- helping to improve; promoting further development or advancement (opposed to destructive): constructive criticism.
- of, relating to, or of the nature of construction; structural.
- deduced by inference or interpretation; inferential: constructive permission.
- Law. denoting an act or condition not directly expressed but inferred from other acts or conditions.
Origin of constructive
Synonyms for constructiveSee more synonyms for on Thesaurus.com
Examples from the Web for constructive
Contemporary Examples of constructive
Constructive criticism is different from people just being dicks, and I love constructive criticism.Andrew Garfield on the Evils of Capitalism, the Hacking Scandal, and Criticism of ‘Spider-Man 2’
September 10, 2014
Reformers understood that constructive societal evolution was the antidote to socialist revolution.From The Square Deal to The New Deal: The Overlapping Political Identities of TR and FDR
September 9, 2014
On Monday, European Union countries condemned the air strikes and called for a ceasefire and “constructive dialogue.”Libya’s Proxy Apocalypse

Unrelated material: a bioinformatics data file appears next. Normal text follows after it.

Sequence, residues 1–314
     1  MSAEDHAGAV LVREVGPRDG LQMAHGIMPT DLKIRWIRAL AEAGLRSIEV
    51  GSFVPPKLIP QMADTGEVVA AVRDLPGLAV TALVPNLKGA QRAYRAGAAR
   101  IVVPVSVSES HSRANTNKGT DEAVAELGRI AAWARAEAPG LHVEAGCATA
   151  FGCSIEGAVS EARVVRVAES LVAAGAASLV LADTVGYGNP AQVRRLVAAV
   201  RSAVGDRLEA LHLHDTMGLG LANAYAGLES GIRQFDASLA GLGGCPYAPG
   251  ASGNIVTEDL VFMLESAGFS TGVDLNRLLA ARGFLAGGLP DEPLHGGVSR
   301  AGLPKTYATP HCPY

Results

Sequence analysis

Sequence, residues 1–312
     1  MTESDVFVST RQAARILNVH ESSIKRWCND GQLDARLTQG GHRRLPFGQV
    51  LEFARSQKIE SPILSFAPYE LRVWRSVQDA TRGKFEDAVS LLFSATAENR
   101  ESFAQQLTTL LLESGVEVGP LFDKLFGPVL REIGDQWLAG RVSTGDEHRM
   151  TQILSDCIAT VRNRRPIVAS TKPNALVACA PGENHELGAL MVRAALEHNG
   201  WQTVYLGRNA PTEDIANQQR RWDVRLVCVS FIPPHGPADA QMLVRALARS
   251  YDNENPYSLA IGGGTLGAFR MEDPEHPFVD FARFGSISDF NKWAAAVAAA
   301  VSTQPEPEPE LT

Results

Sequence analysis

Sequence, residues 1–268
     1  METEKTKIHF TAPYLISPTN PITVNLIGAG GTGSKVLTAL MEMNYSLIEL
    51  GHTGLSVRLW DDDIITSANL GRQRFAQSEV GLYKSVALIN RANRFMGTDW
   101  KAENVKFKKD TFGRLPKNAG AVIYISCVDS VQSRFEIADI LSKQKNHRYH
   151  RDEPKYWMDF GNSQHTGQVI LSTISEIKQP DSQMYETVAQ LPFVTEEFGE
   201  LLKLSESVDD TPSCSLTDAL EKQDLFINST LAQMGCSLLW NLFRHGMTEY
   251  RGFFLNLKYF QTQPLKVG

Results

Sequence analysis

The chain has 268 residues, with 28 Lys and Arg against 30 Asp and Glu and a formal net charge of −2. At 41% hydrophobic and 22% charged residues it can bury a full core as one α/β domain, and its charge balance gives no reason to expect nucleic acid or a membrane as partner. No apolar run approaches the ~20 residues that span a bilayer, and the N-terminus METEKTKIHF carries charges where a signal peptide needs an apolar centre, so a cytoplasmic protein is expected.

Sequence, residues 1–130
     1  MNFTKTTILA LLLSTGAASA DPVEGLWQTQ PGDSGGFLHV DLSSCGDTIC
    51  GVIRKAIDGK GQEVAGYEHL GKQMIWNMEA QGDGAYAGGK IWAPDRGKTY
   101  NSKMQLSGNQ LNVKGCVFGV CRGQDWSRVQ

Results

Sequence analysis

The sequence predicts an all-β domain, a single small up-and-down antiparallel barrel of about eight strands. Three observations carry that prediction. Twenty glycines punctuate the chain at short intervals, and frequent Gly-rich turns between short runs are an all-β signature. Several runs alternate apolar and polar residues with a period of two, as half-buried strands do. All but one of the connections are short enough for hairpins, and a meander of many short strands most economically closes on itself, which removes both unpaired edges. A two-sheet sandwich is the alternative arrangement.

August 27, 2014
“We have since begun a constructive dialogue with the committee on the redactions,” Price said.White House Must Decide Who Will Be Named in the CIA ‘Torture Report’
Josh Rogin, Eli Lake
August 7, 2014
So that they can return and approach the world—and approach women—with constructive confidence and calm.Billie Holiday, Barack Obama, and the Pain of Black Women
June 22, 2014
Historical Examples of constructive
Vaucanson was a man of the highest order of constructive genius.Self-Help
He is fertile in plan and constructive in method because he has creative imagination.Herbert Hoover
The field is almost virgin, and the need for constructive programs is acute.College Teaching
With a fifty-dollar teacher, constructive work was likely lacking.Rural Life and the Rural School
We see at once that that doctrine was not negative but positive and constructive.History of Religion
- serving to build or improve; positiveconstructive criticism
- law deduced by inference or construction; not expressed but inferred
- law having a deemed legal effectconstructive notice
- another word for structural
early 15c., "derived by interpretation," from Middle French constructif or from Medieval Latin constructivus, from Latin construct-, past participle stem of construere "to heap up" (see construction). Meaning "pertaining to construction" is from 1817; "having the quality of constructing" is from 1841. Related: Constructively. Constructive criticism is attested by 1841.